Entertainment

Roseanne Barr on her friendship with Norm Macdonald

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Comedian, actor, writer and legend Norm Macdonald may have left the planet last September, but he left more behind than just his greatest hits. In a “that’s soooo Norm”Move, he also gifted fans with something so needed, so wanted and at such a perfect time -“ Norm Macdonald: Nothing Special. ” Macdonald’s special, which premiered Monday on Netflix, was filmed in his living room.

Loved and respected by fans and colleagues worldwide, Macdonald formed a unique bond with fellow comedy legend Roseanne Barr back in the early ’90s when she tapped him to write on her hit show, “Roseanne.” What started as admiration on a working level turned into a lifelong friendship that endured many personal high and lows.

Macdonald clearly entertained to the end and even started a podcast in 2020 called “Quarantined With Norm Macdonald,” which Barr appeared on as a guest. Ahead of his last taped hurrah, Barr talked to us about why Norm Macdonald wasn’t just the bravest in comedy, but also in life.

How did you and Norm Macdonald meet?

Roseanne Barr: Somebody sent me a tape of him from Canada when I was looking for writers for my show. I don’t think he had been any place in the US yet. I hired him for my birthday party because I had a big 40th where I hired my favorite entertainers because, you know, I had a lot of money then. I had Norm for comedy, and I was just howling. I knew in two minutes, I gotta get that guy! First off, he kind of talked like me. He talked like he was from my hometown in Utah. Or in Utah, we talk like Norm. I just loved the way he talked. He was just so hilarious, and I couldn’t stop laughing so I was like, “Hey! Do you want a job? You’re so great I want to hire you to write on my show. ” And he did. When Norm got the offer for SNL, he was so sweet. He said he’d like to go do it, and I told him, “You gotta go! Are you kidding? You have it! ” To me, he’s the greatest Weekend Update comedian that no one can match ever. He was what comedy is supposed to be. He was always brave.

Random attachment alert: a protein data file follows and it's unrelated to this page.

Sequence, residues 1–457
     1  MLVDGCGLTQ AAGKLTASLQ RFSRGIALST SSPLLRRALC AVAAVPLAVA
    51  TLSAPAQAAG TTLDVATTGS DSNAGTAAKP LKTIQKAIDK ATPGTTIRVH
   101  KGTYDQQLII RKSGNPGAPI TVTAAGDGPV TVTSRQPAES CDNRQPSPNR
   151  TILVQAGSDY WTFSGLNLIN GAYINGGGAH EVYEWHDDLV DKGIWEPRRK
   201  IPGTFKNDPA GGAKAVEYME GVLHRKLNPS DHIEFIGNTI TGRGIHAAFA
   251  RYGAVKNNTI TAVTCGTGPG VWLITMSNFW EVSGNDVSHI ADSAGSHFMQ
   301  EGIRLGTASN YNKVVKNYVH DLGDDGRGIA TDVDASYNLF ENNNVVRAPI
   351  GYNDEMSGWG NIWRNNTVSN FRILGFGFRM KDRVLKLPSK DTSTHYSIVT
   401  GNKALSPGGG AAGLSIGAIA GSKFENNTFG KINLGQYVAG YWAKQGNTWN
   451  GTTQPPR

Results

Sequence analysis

It seems like everyone has one, so, let’s hear yours. Favorite Norm bit?

It’s the back seat one. I’d say, “How much do I have to pay you to do that bit?” He’d say, “Stop it, and I’m not gonna!” I could never do it by heart, or like him, but the one I love is where the guy is riding in the back seat and [it goes] like, when you’re in the back seat, you’re in your own world because you’re not in the front seat. You’re not in the conversation and you’re in your own world trying to hear. Then another car pulls up next to you and there’s another guy in the back seat, and you kinda wave to each other because you know you’re both losers. It was basically a whole bit about being a second-class citizen. It was so politically nuanced, there’s nothing I’ve seen that is that genius.

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Any other standout Norm moments while we’re taking this walk?

Yeah, because him s— on OJ was the funniest thing I’ve ever seen. I remember where I was even, on bed rest 12-weeks pregnant with my son. I just had all of his OJ jokes and played them on a loop. Then he got fired, you remember that? You can’t be too funny in show business!

It’s tricky for sure, especially in 2022! Did you know Norm was sick? It felt like a total shock, but maybe it was common knowledge?

I didn’t know Norm was sick. When I heard he was gone, I was just so shocked. I asked other people like, “Did you know? Did you know he was sick? ” Nobody I know knew. Looking back, it’s like, of course, he’s not gonna tell nobody because that will ruin all his material! Either they’d laugh too much, or they just be sitting there crying. I wanted to get him on “Last Comic Standing,” because you gotta have Norm, and now thinking back I’m like, “Oh, he was sick and that’s why I never saw him anywhere outside of it!” I was shocked. I talked to him all the time. Comics will ask each other, “Is this funny?” And usually he answered me, but the last few months, it was really hard to get a hold of him, and he wouldn’t answer. Of course, in my comedic brain I’m like, “What the f— is up, Norm?” Human compassion never even entered my mind as a comic. Then he finally got back to me and says, “I want to interview you for this podcast,” and I was happy to do it. That was the last time I ever talked to him. He never told me anything. When I came back to TV, the first person I called was Norm. I asked him to come back, and he said, “Yeah I will.” And when I got fired, Norm quit. I just said, “Thank you, Norm.” He called me every day when I was in a real bad place, and he also went on “The View” to stick up or me, which I really appreciated. He was just the greatest.

I’m feeling a real mixed bag of excitement and sadness about this special. How do you feel about it?

Comedy is dealing with the mental, and that’s why I’m excited for Norm’s thing, because he dealt with the mental. I wonder what he talks about, like maybe Norm will talk about what is going on in the world now and be an avatar to save us all. And I love that his special is coming out after his death. You know, I did the world’s first after-death comedy special about 20 years ago. It’s like, if you’re watching this, I’m dead and my kids have all my money. I’m so happy to hear that Norm has done it for real. Because he’s a genius. He will redefine death and dying. What an ethical and loving human being. There’s never been anyone like Norm and there’s never going to be. Norm is the f— GOAT. There was a genius here, and he vacated this realm.

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